catch it, clean it, cook it

Game cameras

Why use them – Game or trail cameras are a handy way to monitor what is going on in your hunting area when you are not there. They let you know what game is around, when that game uses that particular area and they are also great for observing game completely un-disturbed.

Where to use them – Really you can put the camera any where, however, you need to consider what is going to trigger it and how often. Some things to consider are:

  • Grass or trees in front of the cam which may trigger it
  • Will the animals walk past, or are they likely to stop and stand for a while
  • If in an area with other users, is the camera well enough hidden


A few places that I have had success with my camera’s are:

  • Overlooking scrapes
  • Overlooking wallows
  • Overlooking preach or rub trees
  • Game trail junctions
  • Heavily used game trails


How and what to attach them to – I have found the height of your chosen quarry’s head is perfect. So if you are after red deer, the height of a red deers head, this will get you some great shots. In areas where other users are common, it might be wise to attach the camera higher than normal, possibly even climbing a short way up the a tree. This will aid in its security. I generally do not lock my cameras a they are on private blocks, however, majority of camera’s these days come with locking devices and a simple cable lock with a padlock will suffice – just remember, if someone wants it gone, they will stop at nothing! 99% of the time I am attaching my camera to some sort of tree. Ensure the tree is solid, not likely to fall down any time soon and is thick enough to not sway in wind (unless it’s a gale). This will minimise the chance of non-animal triggers occurring and wasting your batteries or cards. You could also attach your camera to a fence post/star picket, stump, log, or anything else for that matter which provides a sturdy and reliable platform.

Set up and options – When looking to buy a camera (or cameras) its important to consider the camera’s actual features. Things to consider are:

  • What megapixel the photos are
  • Can you aadjust how “big” the photos are (file size)
  • Can you adjust how many pics it takes when triggered
  • Does it take video
  • Does the video have sound
  • Will it take colour photos at night
  • What info is stored with each photo (time, temp, date etc)

These are the basic things to consider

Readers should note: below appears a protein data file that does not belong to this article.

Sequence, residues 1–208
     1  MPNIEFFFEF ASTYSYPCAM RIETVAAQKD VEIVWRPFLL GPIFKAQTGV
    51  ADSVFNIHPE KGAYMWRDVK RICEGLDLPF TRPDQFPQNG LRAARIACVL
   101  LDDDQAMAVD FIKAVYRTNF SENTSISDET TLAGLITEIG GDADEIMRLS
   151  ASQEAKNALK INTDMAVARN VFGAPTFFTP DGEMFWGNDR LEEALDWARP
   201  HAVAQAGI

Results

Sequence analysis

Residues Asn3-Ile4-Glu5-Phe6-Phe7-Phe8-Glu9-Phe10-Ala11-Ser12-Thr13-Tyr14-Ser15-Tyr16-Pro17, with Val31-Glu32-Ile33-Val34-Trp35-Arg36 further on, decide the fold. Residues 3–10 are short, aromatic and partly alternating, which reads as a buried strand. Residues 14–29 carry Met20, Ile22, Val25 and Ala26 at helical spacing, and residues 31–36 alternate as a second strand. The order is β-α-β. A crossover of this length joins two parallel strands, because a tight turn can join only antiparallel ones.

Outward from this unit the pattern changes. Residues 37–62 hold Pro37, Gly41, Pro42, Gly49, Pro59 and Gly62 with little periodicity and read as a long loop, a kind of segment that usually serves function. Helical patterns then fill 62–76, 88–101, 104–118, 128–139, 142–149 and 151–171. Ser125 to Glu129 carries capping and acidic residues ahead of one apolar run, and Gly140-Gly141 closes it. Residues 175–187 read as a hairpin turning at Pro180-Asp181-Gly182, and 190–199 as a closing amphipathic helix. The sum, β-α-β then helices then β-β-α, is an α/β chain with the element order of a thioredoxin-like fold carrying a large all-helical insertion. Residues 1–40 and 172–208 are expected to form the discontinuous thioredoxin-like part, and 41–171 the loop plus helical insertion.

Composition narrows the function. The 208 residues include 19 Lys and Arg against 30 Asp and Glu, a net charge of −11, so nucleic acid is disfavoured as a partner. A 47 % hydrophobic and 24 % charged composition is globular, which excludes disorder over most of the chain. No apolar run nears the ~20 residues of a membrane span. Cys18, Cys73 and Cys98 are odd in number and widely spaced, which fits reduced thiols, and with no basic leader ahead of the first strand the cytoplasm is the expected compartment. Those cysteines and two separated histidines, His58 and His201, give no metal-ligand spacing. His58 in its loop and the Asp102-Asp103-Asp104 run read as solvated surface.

What to look for in a camera:

  • Battery life – If you are able to check your camera and replace the batteries regularly (weekly) then this is not such of an issue, however, if you can only get out there once a month, or even bi-monthly then battery life is something you should definitely want to consider as you want the camera functioning as much as it can between your visits. Most camera’s run on readily available AA batteries these days, some still use bigger and separate systems though. Just consider cost of what powers it when you are looking to purchase
  • Quality – I tend to look for a high megapixel, good quality camera. The reason for this is the better the photo, the more analysis you can do with it. You may be able to distinguish from a young potential trophy to an old cull target easily. One of the best quality camera’s on the market uss a Sony S600 hand held camera, although not cheap, these “homebrew” style game camera’s offer some fantastic photos.
  • Case – You are going to be leaving your camera out there in the wild, you want your investment to last, not be seen/stolen and not deteriorate from day to day weather exposure. Make sure the case is hardened plastic (pelican are a good example of this), ensure it secures easily and tightly and ensure it has multiple easy and functional ways to be able to attach it to your chosen anchor point
  • Weather seel – This is very important as the camera will be out there doing the work, whilst you sit back in comfort during that nasty winter storm. Ensure the weather seal is in good condition and test it prior to usage in a bucket of water at home (remove the camera first!). The case also needs to seel well from insects, I have seen a few camera’s that have turned into some fantastic ant homes due to bad or deteriorated seels.

Game/trail cameras are a solid investment to any hunters equipment list. It is extremely exciting to gather them from the field and then remove the pictures back at home on the computer and when you capture that trophy stag, it just makes the investment all worth while.

Here are a few trail camera pictures from our cameras.

Chital PICT0038 PICT0054 PICT0098 PICT1226


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